Barriers and facilitators to infection prevention and control in Dutch psychiatric institutions: a theory-informed qualitative study

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Background The unique characteristics of psychiatric institutions contribute to the onset and spread of infectious agents. Infection prevention and control (IPC) is essential to minimise transmission and manage outbreaks effectively. Despite abundant studies regarding IPC conducted in hospitals, to date only a few studies focused on mental health care settings. However, the general low compliance to IPC in psychiatric institutions is recognised as a serious concern. Therefore, this study aimed to assess perceived barriers and facilitators to IPC among professionals working at psychiatric institutions, and to identify recommendations reported by professionals to improve IPC. Methods A descriptive, qualitative study involving 16 semi-structured interviews was conducted (before COVID-19) among professionals from five Dutch psychiatric institutions. The interview guide and data analysis were informed by implementation science theories, and explored guideline, individual, interpersonal, organisational, and broader environment barriers and facilitators to IPC. Data was subjected to thematic analysis, using inductive and deductive approaches. This study followed the Consolidated criteria for Reporting Qualitative research (COREQ) guidelines. Results Our findings generated six main themes: (1) patients' non-compliance (strongly related to mental illness); (2) professionals' negative cognitions and attitude towards IPC and IPC knowledge deficits; (3) monitoring of IPC performance and mutual professional feedback; (4) social support from professional to patient; (5) organisational support and priority; and (6) financial and material resource limitations (related to financial arrangements regarding mental health services). The main recommendations reported by professionals included: (1) to increase awareness towards IPC among all staff members, by education and training, and the communication of formal agreements as institutional IPC protocols; (2) to make room for and facilitate IPC at the organisational level, by providing adequate IPC equipment and appointing a professional responsible for IPC. Conclusions IPC implementation in psychiatric institutions is strongly influenced by factors on the patient, professional and organisational level. Professional interaction and professional-patient interaction appeared to be additional important aspects. Therefore, a multidimensional approach should be adopted to improve IPC. To coordinate this approach, psychiatric institutions should appoint a professional responsible for IPC. Moreover, a balance between mental health care and IPC needs is required to sustain IPC.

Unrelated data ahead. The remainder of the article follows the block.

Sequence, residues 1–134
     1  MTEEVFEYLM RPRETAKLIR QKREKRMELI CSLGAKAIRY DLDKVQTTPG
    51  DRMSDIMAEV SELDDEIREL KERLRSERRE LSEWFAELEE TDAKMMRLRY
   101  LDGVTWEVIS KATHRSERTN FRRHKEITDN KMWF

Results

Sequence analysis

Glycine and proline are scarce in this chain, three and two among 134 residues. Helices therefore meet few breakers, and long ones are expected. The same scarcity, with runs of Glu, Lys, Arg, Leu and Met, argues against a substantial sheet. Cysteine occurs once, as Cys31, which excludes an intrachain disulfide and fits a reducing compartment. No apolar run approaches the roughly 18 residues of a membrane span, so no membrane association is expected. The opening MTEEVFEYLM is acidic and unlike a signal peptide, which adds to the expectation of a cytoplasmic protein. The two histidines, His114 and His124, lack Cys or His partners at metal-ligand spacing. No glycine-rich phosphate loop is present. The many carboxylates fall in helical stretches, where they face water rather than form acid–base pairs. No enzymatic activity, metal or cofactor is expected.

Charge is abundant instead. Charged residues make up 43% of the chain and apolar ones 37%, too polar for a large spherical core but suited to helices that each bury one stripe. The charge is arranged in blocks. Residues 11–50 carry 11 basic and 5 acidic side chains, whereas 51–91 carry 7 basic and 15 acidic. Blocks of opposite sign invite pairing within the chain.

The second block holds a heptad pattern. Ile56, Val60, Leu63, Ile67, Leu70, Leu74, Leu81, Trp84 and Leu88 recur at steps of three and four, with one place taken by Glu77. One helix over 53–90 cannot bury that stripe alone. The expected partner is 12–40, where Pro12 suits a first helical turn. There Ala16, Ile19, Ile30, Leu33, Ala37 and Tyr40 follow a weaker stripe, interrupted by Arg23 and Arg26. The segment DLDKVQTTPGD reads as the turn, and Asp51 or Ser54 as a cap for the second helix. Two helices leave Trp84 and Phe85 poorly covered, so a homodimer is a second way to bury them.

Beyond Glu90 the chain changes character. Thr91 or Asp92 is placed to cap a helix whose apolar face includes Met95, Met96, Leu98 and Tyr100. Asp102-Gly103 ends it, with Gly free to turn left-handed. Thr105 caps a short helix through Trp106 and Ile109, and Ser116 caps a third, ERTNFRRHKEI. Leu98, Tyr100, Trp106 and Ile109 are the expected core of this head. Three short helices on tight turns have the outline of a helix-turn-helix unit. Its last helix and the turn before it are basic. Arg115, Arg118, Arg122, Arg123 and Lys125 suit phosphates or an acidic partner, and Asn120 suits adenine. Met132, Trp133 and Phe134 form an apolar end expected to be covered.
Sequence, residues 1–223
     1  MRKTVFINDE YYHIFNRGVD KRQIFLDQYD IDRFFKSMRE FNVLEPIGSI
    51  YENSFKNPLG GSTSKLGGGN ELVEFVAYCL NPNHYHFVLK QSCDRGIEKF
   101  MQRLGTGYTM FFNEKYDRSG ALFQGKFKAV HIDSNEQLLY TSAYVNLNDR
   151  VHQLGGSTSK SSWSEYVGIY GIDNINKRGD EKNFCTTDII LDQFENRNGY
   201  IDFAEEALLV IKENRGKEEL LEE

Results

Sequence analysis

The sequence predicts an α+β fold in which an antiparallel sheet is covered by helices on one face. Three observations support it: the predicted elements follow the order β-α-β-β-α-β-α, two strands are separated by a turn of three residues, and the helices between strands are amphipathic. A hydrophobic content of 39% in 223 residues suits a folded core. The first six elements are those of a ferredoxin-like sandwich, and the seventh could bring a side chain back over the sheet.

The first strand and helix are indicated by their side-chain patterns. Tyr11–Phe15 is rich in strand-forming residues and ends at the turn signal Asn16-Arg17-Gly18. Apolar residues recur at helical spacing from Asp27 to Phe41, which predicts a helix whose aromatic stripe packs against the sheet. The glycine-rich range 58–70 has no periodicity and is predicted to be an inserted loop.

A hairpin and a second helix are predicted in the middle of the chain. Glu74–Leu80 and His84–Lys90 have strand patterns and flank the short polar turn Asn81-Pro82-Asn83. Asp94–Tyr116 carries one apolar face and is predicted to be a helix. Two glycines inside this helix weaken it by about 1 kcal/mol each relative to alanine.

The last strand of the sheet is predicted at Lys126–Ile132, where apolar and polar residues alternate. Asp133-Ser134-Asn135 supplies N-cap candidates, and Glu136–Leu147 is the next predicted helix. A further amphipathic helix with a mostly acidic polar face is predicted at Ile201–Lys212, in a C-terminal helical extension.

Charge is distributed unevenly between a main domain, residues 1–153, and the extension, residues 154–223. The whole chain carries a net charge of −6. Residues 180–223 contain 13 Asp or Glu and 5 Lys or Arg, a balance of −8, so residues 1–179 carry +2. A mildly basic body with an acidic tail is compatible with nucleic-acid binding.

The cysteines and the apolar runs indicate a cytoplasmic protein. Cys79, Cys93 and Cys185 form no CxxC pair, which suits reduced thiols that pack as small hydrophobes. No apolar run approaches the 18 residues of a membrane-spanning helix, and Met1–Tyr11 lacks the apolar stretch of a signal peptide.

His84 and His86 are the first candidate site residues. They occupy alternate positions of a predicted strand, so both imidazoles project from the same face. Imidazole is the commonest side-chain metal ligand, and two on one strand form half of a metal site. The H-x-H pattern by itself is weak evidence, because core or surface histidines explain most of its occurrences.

Original languageEnglish
Article number243
Number of pages15
JournalBMC Infectious Diseases
Issue number1
Publication statusPublished - 11 Mar 2022


  • Infection prevention and control
  • Antimicrobial resistance
  • Healthcare-associated infection
  • Nosocomial infection
  • Mental health care
  • Psychiatry
  • Qualitative study

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